Two different related funds have been active in the race. Faith in Minnesota Action has received more than $11,800 in small-dollar contributions from individuals. Faith in Minnesota Fund is listed as having received $37,000 from the organization itself. Both groups have then paid around $12,300 back to the organization for staff time spent on “general advocacy and strategy.”
In addition, Faith in Minnesota Fund has spent a little more than $2,000 on independent expenditures — spending that is less restricted but prohibited from coordinating with candidate spending — in support of Katie Cashman (W7), Aurin Chowdhury (W12) and Soren Stevenson (W8).
DFL Senior Caucus
Organization type: political group
The Senior Caucus was formed in 2006 as an organization within the Minnesota DFL to cater to and attempt to represent retirees, individuals over the age of 55, and senior citizens.
As of the September report, the group had raised $5,005 and had $11,764 on hand.
Its expenditures included cash contributions to the campaigns of Andrea Jenkins, Kayseh Magan (W6 challenger), and Scott Graham.
The caucus spent $37,020.19 in the 2021 election, almost entirely focused on a series of political mailers. The group typically endorses more moderate candidates.
2023 endorsements: Michael Rainville (W3), LaTrisha Vetaw (W4), Kayseh Magan [Jamal Osman is listed as “Acceptable”] (W6), Scott Graham (W7), Emily Koski (W11), Linea Palmisano (W13)
Building and Trades Council
Organization type: political group/PAC
The Building and Trades Council is the umbrella organization for union construction crafts. The organization’s most recent report shows contributions to the campaigns of LaTrisha Vetaw (W4), Michael Rainville (W3), Emily Koski (W11), Scott Graham (W7) and Andrea Jenkins (W8), Luther Ranheim (W12) and Linea Palmisano (W13). They also contributed $1,000 to All of Mpls, which has been supporting the same slate of candidates.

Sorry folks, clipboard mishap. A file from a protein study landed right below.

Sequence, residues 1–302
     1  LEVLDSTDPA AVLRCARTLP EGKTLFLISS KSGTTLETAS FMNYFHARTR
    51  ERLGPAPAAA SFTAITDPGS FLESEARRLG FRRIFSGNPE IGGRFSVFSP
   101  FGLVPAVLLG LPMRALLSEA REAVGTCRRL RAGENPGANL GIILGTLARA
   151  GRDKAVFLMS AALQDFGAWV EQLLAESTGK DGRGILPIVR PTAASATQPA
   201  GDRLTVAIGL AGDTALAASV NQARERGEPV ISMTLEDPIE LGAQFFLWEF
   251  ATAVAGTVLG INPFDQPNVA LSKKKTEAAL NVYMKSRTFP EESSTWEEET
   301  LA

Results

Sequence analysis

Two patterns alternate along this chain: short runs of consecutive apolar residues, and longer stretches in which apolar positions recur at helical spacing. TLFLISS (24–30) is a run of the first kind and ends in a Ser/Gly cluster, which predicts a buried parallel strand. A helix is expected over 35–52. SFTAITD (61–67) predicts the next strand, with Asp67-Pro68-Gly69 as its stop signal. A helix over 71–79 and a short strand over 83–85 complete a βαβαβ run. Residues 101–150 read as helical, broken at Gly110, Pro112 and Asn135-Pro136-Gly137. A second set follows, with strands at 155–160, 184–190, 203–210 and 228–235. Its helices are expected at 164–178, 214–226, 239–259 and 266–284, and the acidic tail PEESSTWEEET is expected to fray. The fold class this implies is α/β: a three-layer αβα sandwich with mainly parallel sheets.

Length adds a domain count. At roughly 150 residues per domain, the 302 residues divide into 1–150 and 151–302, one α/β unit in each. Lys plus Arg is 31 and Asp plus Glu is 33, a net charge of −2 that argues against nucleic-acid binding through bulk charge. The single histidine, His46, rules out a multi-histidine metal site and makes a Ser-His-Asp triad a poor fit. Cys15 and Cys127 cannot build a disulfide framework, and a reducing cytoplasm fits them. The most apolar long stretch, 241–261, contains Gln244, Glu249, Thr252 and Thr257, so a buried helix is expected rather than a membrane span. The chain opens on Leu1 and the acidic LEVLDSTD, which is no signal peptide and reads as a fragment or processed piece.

The organization has spent $6,758 so far this year and has $5,570 on hand.
Minneapolis Regional Chamber of Commerce
Organization type: business association
The Regional Chamber put $1,293,500 million into the 2021 election. They did it by directing their money into a PAC called Plan for Progress. Plan for Progress then made payments of $1,229,037 to All of Mpls (discussed above).
They made all of those donations in October of 2021, which meant that the report on their spending did not come out until after the election. Plan for Progress later shut down, zeroing out its accounts by donating more than $15,000 to All of Mpls.
Regional Labor Federation
Organization type: labor group
The federation was an active participant in the 2021 election cycle and spent on a variety of candidates across the political spectrum ranging from Mayor Jacob Frey to Lisa Goodman to Robin Wonsley.
They spent around $10,000 in Minneapolis in the 2021 election cycle. This year, the organization has contributed $600 each to all council incumbents seeking re-election: Elliott Payne (W1), Wonsley (W2), Michael Rainville (W3), LaTrisha Vetaw (W4), Jeremiah Ellison (W5), Jamal Osman (W6), Andrea Jenkins (W8), Jason Chavez (W9), Aisha Chughtai (W10), Emily Koski (W11) and Linea Palmisano (W13). The federation also donated to one candidate for the open seat: Aurin Chowdhury (W12).